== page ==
Welcome to Dickens County. Historic big-ranch county on Rolling Plains of West Texas just below the Cap Rock, created 1876 and organized 1891 from Bexar District. The legend is that it was named for J. Dickens, hero of the Texas Revolution. Research has shown that there was no J. Dickens, but there was James Dempkins so “Dickens” was probably a result of variance in the spelling of the name. Soldier’s Mound near Spur was an army supply camp for General Mackenzie’s forces.
Altitude is 2000-3000 feet, with about 15000 acres on the High Plains in the northwest corner of the county with the remaining lands rolling to broken. Rough Croton Breaks are in the southeast portion. Good ground cover is provided for quail, dove, and small game.
Most of the county was originally land of big ranches – Spur (Swenson), Matador, and Pitchfork. The Pitchfork is the only one still intact, (the others having been broken up into smaller ranches) and has increased in size by adding some of the Matador land to make present total approximately 166,000 acres, (part in King County), Pitchfork celebrated it’s 100th year of operation by the same family in 1883. The ranches, devoted to primarily raising beef cattle ar mostly in rolling and rough lands. The land which lies on the High Plains above the Cap Rock is mostly used for farming as are the the level areas scattered through the county. There is some irrigation with the principal crops being cotton, feed grains and forage crops. Oil production has greatly increased over the past five years. The county has two schools- Spur and Patton Springs (Afton community). The county seat is in the town of Dickens. Spur, the larger of all towns located in Dickens County, is home to several of the county’s volume employers which include South Plains Electric Cooperative- Dickens Division, Cap Rock Telephone Cooperative, Spur ISD, Dickens County Correctional Center, and several other businesses. Dickens largest employer is Dickens County (Courthouse staff, jail, road and bridge). Afton’s mainstay employer is Patton Springs ISD. McAdoo’s youth are divided between attending Patton Springs and Spur schools. Dickens County is still very much rural with many families living on farms and ranches scattered across the county.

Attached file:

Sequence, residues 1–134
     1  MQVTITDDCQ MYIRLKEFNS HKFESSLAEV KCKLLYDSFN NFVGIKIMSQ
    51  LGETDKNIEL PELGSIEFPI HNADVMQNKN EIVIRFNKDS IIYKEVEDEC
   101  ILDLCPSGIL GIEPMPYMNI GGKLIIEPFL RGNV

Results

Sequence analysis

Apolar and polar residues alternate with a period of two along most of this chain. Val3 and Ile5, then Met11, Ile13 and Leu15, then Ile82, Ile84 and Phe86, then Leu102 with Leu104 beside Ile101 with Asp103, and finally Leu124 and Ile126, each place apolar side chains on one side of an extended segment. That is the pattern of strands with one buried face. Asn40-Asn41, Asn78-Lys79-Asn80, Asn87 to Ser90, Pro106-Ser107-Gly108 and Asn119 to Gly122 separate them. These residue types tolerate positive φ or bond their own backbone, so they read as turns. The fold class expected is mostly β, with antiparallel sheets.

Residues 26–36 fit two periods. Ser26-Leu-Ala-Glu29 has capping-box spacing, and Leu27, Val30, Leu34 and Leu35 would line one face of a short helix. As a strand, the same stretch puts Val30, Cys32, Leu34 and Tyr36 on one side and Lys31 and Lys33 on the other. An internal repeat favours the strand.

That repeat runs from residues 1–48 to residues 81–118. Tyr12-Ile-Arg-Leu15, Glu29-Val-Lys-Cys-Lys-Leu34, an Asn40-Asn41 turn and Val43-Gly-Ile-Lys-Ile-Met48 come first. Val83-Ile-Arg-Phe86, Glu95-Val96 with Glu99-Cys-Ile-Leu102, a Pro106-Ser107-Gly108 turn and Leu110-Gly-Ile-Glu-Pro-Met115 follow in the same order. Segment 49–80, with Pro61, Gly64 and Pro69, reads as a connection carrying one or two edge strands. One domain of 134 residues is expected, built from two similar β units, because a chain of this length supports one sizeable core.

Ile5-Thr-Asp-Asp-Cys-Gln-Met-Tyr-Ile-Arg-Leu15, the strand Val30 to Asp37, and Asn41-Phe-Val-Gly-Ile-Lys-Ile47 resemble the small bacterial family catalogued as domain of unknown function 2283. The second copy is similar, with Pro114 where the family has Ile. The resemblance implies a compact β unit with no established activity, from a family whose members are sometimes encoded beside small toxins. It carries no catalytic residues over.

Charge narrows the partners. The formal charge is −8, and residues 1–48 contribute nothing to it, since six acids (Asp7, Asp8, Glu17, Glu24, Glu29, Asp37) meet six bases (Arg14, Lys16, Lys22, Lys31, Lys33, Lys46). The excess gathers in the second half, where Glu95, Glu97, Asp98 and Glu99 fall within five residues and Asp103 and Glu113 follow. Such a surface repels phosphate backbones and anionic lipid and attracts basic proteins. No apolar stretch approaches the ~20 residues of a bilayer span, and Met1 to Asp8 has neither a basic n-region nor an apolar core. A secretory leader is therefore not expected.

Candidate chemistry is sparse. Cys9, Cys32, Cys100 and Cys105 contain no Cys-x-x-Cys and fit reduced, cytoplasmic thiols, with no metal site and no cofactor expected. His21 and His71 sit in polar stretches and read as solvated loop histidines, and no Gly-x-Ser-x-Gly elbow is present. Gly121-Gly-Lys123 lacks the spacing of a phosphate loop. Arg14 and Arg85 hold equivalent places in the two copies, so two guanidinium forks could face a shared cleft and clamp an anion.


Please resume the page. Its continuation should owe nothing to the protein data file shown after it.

The present population of the county is 2752. It is semi-arid with an annual rainfall of around 21 inches. The people of Dickens County are very kind and courteous with a laid-back “country” lifestyle.
TEXAS COOPERATIVE EXTENSION- MISSION STATEMENT
The Texas Cooperative Extension- Dickens County deals in expert, reliable, current information about hundreds of subjects and issues in the broad categories of nutrition and family and consumer sciences, community development, agriculture, horticulture, natural resources, and 4-H and youth development.
The Texas Cooperative Extension program in Dickens County operates as a partnership between Texas A&M University and the local county government. The County agents that staff the Extension office are local residents who serve as subject-matter experts, educational planners, adult and youth teachers and community facilitators. Local citizens serve on advisory committees for each county program. The university system provides access to it’s Extension faculty and resources for the development of these programs. Allow us the opportunity to serve you!
REMINDER: This listing is a free service of LandCAN.
Dickens County Extension is not employed by or affiliated with the Land Conservation Assistance Network, and the Network does not certify or guarantee their services. The reader must perform their own due diligence and use their own judgment in the selection of any professional.
Contact Dickens County Extension
Highway 82 & Montgomery Street
Dickens, Texas 79229-0009 Phone: